Tonight is the lighting of the first Hanukkah candle. Of all the Jewish holidays, Hanukkah is probably my favorite. And that is not only because of its trappings – all the light, and the candles, and the sufganiyot and the levivot (I so love levivot) – but also because of its message.
Naturally, I am not speaking of the 7-day-oil message. That is something anyone, from wee children to their proud grandmothers and grandfathers know too well. So well, in fact, that it causes the skeptical adults to voice their disbelief and growing distrust of this holiday, as they say that is impossible and they do not believe in miracles… (more…)
In the army they taught us that jumping the chain of command is against military law. Breaking this law would lead to being prosecuted for undermining authority, and to rather unpleasant results. For the perpetrator.
Today we are no longer in the army, and no-one will prosecute us for jumping the chain of command.
However, I would like to bring to the discussion table a totally different view of said chain of command and the correct way to use it.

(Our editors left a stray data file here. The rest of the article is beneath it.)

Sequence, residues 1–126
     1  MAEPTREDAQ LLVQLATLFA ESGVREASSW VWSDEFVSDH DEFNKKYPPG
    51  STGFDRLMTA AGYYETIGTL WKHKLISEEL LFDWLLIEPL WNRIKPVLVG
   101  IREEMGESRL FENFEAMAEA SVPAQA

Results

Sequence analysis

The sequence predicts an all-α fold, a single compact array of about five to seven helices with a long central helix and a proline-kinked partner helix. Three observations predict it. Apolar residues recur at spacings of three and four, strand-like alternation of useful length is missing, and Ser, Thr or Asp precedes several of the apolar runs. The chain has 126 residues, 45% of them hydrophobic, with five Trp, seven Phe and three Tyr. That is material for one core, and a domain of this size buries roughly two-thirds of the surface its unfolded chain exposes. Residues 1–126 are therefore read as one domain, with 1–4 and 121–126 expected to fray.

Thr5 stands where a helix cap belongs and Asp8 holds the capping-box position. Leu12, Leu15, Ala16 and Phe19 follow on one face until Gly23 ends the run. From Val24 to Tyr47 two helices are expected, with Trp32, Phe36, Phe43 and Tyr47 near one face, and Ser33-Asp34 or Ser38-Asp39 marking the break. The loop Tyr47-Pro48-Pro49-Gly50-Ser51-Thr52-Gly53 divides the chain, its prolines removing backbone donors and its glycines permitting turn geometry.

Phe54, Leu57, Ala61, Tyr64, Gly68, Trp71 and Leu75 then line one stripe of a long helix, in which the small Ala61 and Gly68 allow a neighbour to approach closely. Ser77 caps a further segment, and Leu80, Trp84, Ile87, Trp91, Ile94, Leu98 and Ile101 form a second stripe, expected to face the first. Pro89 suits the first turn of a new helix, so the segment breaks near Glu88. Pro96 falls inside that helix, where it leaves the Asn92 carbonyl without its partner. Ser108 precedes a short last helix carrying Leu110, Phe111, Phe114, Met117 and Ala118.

The blog Sharing Intellectual Capital by Nick Nicholls presents and interesting review of recent research made regarding the quality of customer service, in the form of infographics.
In the Hebrew version I have brought the translation of both the post and the infographics, and here I offer you the original, as posted on Nicholls’ blog.
Here’s a story I came across on Facebook today. It presents so precise a picture of the actual happenings that I really have nothing to add to it. It was in Hebrew, so I translate.
A man is walking down the street and notices a newly opened store. He wanders over to check out what it has to offer, and right inside the doors a salesman meets him and says:
Everybody knows that the slogan of Quality Assurance is “constant improvement”. However, not everybody knows that when we say improvement we necessarily mean change. One cannot improve something without changing it. Indeed, we know that if we keep doing what we have always done, we shall get the results we have always got. You want different results? You want the results to improve? You must do something differently.
Many, way too many people think that the purpose of Quality Assurance is… like policemen: to stop “offences”’ “failures” and “problems” from occurring. And if they or some of them still insist on occurring – well, to “catch” those responsible and make sure they do it no more.